8 hedge funds that made a killing by betting against the world economy last year as stocks and bonds plummeted
The best performing traders forecast steep interest-rate increases and bet against struggling currencies and government bonds.
For most investors, 2022 was a year of adversity that saw stocks, bonds and cryptocurrencies all tumble in a brutal cross-asset bear market as inflation and interest rates surged.But there are those who did exceptionally well amid the turbulence. Hedge fund managers including Said Haidar, Crispin Odey and Neal Berger seized the opportunity created by Federal Reserve's monetary tightening and soaring market volatility to deliver triple-digit returns for their investors.Global macro funds, which invest based on economic models and forecasts, tended to perform best in 2022 — in particular, those that were able to predict a global slump towards a recession.Alongside the staggering returns achieved by some global macro investors, high-profile hedge funds such as Ken Griffin's Citadel and Alan Howard's Brevan Howard achieved solid gains in a year where the benchmark S&P 500 stock market index plunged 19%. Triple-digit returnsSaid Haidar's flagship global macro Haidar Jupiter fund surged 195% last year by betting on steep interest-rate increases, according to data from Refinitiv.The Fed raised benchmark borrowing costs from near zero to around 4.5% last year in a bid to tame soaring inflation.
That was the US central bank's most aggressive monetary tightening campaign since the early 1980s, and the sheer pace at which rates rose caught many investors by surprise."For the last year, investors have been prematurely anticipating an early end to central bank rate hikes, followed by rate cuts almost immediately thereafter," Haidar wrote in a letter to investors in September. "But as inflation globally has proven stickier than originally thought, central banks have become more forceful in countering this narrative."Haidar used leveraged interest rates trading to generate near-200% returns for his investors, according to Bloomberg. His fund wagered that the Fed would press ahead with jumbo rate hikes, despite markets' hope that it would pause or pivot away from its tightening campaign.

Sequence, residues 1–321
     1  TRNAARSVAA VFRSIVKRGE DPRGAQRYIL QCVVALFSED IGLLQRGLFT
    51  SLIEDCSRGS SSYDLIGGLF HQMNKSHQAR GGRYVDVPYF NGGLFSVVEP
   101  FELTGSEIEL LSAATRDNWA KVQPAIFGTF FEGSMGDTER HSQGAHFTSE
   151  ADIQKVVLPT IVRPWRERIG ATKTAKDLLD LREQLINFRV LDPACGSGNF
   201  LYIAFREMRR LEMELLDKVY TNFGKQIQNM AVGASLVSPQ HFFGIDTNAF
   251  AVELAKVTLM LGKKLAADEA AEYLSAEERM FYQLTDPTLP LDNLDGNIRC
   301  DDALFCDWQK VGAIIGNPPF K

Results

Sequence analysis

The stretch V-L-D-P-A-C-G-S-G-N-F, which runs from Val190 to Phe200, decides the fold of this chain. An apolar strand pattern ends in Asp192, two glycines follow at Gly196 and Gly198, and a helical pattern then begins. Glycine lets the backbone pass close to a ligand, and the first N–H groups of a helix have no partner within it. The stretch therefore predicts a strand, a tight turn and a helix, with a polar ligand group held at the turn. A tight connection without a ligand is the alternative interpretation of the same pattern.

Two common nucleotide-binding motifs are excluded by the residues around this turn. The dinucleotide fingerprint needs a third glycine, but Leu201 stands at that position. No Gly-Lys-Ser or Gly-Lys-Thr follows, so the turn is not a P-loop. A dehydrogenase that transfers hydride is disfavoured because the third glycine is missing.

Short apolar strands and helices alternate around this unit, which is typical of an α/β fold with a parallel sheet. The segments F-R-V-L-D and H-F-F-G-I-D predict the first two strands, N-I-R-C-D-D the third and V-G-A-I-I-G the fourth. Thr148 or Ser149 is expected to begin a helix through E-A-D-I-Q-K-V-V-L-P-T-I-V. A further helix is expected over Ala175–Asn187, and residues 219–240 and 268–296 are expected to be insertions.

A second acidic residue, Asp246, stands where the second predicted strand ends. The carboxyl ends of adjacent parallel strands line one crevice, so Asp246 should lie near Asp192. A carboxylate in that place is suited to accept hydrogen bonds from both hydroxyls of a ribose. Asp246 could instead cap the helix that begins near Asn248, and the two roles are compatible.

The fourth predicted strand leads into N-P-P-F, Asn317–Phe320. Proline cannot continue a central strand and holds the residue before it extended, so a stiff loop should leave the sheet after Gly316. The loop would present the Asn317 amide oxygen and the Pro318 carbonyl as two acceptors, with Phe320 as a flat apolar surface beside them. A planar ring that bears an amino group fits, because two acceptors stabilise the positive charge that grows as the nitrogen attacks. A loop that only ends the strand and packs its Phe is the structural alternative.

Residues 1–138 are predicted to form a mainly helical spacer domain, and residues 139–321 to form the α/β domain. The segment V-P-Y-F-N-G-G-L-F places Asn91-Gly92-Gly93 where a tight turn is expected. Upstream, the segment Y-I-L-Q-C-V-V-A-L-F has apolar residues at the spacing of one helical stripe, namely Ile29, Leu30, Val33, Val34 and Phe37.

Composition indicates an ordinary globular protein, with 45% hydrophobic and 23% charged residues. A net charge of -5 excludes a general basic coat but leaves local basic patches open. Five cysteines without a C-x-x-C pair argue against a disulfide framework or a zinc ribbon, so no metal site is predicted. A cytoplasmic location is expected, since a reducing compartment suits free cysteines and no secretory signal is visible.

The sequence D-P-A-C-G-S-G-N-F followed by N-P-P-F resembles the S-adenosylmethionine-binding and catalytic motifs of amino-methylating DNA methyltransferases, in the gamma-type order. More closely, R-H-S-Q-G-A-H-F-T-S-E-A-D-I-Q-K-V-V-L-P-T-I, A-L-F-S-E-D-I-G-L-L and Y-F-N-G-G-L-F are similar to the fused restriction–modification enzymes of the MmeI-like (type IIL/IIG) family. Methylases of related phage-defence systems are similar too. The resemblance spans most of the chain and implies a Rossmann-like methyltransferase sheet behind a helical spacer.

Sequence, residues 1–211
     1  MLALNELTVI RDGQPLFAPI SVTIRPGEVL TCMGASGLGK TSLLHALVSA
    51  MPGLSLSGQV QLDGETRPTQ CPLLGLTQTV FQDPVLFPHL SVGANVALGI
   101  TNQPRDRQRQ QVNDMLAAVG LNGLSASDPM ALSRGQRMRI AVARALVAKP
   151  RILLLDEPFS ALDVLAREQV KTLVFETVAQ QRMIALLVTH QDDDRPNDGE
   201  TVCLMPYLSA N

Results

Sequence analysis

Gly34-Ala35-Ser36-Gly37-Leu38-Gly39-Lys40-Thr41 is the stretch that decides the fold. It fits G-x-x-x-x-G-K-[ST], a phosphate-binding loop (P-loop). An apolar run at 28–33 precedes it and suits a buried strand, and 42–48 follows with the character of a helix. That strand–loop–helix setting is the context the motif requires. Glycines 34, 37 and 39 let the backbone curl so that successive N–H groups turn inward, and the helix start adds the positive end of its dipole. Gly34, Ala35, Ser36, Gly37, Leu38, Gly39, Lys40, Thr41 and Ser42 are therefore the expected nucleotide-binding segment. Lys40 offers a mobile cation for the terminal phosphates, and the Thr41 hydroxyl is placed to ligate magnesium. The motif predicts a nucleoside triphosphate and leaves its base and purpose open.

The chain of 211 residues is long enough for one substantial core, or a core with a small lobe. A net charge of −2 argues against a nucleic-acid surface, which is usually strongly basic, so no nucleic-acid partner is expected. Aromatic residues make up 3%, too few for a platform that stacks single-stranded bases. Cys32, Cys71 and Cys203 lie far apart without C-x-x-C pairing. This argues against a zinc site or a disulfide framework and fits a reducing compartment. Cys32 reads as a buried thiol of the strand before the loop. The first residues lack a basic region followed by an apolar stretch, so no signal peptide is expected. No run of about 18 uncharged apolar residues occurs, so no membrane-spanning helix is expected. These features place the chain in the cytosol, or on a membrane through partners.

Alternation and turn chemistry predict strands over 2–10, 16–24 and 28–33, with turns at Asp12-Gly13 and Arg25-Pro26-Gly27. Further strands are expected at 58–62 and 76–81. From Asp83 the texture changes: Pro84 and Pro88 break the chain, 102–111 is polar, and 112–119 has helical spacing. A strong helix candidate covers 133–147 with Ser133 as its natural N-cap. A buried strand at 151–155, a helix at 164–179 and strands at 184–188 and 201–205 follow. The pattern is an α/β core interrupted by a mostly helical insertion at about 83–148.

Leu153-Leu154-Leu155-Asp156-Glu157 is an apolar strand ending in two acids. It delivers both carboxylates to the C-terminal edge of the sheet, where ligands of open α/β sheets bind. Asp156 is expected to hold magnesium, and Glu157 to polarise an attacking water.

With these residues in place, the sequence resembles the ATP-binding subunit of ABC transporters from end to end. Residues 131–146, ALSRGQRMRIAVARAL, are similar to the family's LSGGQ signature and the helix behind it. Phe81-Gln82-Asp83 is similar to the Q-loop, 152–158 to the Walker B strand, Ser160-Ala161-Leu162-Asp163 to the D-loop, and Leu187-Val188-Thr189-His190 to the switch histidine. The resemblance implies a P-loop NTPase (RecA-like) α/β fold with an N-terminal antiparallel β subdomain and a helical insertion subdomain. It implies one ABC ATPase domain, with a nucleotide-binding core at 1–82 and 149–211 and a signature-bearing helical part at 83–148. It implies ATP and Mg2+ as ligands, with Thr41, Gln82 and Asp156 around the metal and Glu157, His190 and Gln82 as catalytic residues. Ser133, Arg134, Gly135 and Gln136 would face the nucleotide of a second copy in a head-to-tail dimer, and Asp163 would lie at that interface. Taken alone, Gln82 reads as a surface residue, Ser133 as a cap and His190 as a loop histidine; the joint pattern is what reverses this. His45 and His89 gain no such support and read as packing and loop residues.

Crispin Odey's Odey European Inc fund also bet on steep rates rises – and capitalized on the political and economic chaos that rocked UK markets in September and October. The fund returned 130% in 2022, per Refinitiv data.Odey's fund generated eye-popping returns shorting the British pound and long-term gilts, or UK government bonds ahead of former prime minister Liz Truss's tax cut proposals. Truss's wildly unpopular plan led to the pound plummeting to an all-time low against the US dollar and 30-year gilt yields spiking to nearly 5%.Veteran trader Neal Berger's Contrarian Macro Fund also scored major returns with a 163% surge in 2022, according to a report from Bloomberg.
Like Haidar, Berger bet that aggressive Fed rate hikes would swiftly end the era of cheap money and pop the 'everything bubble' that had caused asset prices to soar in 2021."The reason why I started the fund was that central bank flows were going to change 180 degrees. That key difference would be a headwind on all asset prices," he said in a Bloomberg interview this week. "One had to believe that the prices we saw were, to use the academic term, wackadoodle." Steadier gainsOther global macro hedge funds also finished 2022 in the green by positioning their portfolios to take advantage of the economic slowdown.While lagging behind Haidar and Odey's staggering returns, several high-profile names delivered double-digit gains for their investors in a year when the traditional 60/40 portfolio fell 21% and the average hedge fund lost 9%, according to Bloomberg.Alan Howard's hedge fund Brevan Howard was up 18% last year, per Bloomberg data.
Howard's former business partner Chris Rokos left the firm to launch his own fund in 2015 – and Rokos Capital Management enjoyed a similarly strong 2022, advancing 45%.Some hedge funds also delivered returns by pursuing strategies other than global macro investing last year. Citadel's flagship Wellington fund had racked up 31% gains as of November, according to Bloomberg. Investing legend Griffin tends to concentrate on actively managing a fluid portfolio of currencies, bonds, and commodities."You can come in to work one day, find that you're long on a bunch of 10-year bonds; two weeks later, you're short a bunch of 10-year bonds," he told CNBC in September.Elsewhere, flagship funds run by D.E.
Shaw and Millennium Management advanced 23% and 10% in the first 11 months of the year, per Bloomberg data.Read more: 'Everything is going down': A hedge fund manager who returned 163% in 2022 says stock-market pain is only beginning